Kobe Meets Shane Battier's Force Field
But in Houston's Game 1 win over the Lakers, Shane Battier covered Kobe almost exclusively. As Matt Watson wrote, Battier did a fantastic job, hassling Kobe into an inefficient game. How did he do it? Or did Kobe do it to himself?
I charted Kobe's offensive possessions with an eye on Battier and Artest. Rick Adelman had already announced Battier would be the lead Kobe defender, but the exclusivity level wasn't known until the game began. (You can also imagine a scenario in which the circumstances of the game would necessitate Battier being replaced in the line-up by an offensive creator.)
Battier was the defender on 27 of Kobe's 33 shooting possessions. Artest covered five (three of which coming when Battier was on the bench getting stitches or a rest), and the other possession came against Brent Barry on a secondary break. (By the way, Brent Barry held Kobe to 0-1 shooting! Brent Barry!)
In those 27 Kobe vs. Battier shooting possessions, two ended with trips to the line. Both of these came in the final two minutes, as Kobe decided to start attacking the basket. Bryant had only one prior FTA, on an "and-1" against Artest. For perspective, on the season Kobe drew 0.33 FTAs for every FGA. But in those Battier-defended possessions in Game 1, Kobe drew just four FTAs on 25 FGAs -- 0.16 FTA/FGA.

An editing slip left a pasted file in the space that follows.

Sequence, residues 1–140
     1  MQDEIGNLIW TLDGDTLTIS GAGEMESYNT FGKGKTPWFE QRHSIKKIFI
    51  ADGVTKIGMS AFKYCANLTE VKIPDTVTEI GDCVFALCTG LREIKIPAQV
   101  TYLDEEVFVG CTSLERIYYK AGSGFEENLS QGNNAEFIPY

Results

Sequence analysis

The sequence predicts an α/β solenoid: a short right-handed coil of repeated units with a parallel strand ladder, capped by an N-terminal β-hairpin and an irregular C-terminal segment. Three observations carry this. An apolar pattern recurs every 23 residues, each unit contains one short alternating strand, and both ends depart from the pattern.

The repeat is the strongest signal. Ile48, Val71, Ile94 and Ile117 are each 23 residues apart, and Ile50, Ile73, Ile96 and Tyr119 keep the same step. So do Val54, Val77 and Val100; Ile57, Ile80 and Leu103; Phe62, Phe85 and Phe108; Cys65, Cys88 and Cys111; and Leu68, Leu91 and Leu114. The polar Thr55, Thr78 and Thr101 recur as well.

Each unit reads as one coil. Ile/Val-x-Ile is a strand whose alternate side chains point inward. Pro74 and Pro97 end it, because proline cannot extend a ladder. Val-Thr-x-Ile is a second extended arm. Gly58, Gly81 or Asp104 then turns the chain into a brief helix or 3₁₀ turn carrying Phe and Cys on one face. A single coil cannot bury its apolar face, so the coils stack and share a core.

That's because the lion's share of Kobe's shots came on jumpers. Of those 25 FGAs against Battier, 21 were jumpers. Of the 21 jumpers, 14 were long twos (the least efficient in basketball at the league-level). Obviously, you don't draw many fouls on jumpers, let alone pull-up jumpers (which Kobe often went to). Not until those final minutes could Kobe lose Battier on screens; it's hard to tell whether Kobe, feeling ill and maybe rusty, didn't feel up to a pounding in the lane, or whether Battier just shut it down by fighting through screens and leaving some space for Kobe to fire up (seemingly) open jumpers. (No jumper against Battier is truly open. He's so skilled at shoving his hand in a shooter's face. Every time. Without fouling.)
Given Kobe's aforementioned talent and focus, I find it hard to believe he simply didn't want to drive. Kobe's eye is on the prize. He knows what he needs to do to get L.A. another championship. He knows he's at his best getting to the rim, especially against a long, agile, but not quick, Battier. Kobe knows all this ... and took 25 jump shots. I think Battier gets credit for this one. (Artest, too: in the five Artest-defended possession, Kobe took four jumpers and got to the rim once.)
Assuming Kobe adjusts in Game 2 and begins to drive into the core of the Houston defense, we'll see how long Battier can hold up the fort before needing more help from Artest or a double-team.
(Addendum: Kobe finished with four assists, but by my charting had another nine "potential assists" -- passes leading to shots which, if those shots had fallen, would have counted as assists for Kobe. This doesn't mean Kobe could have had 13 assists if his teammates didn't shoot so poorly -- the passes weren't exactly alley-oops; most were normal ball movement passes that ended with the ever-efficient (not) Trevor Ariza three-pointer. But Kobe did share the ball despite his 31 FGAs. The passes just didn't help much.)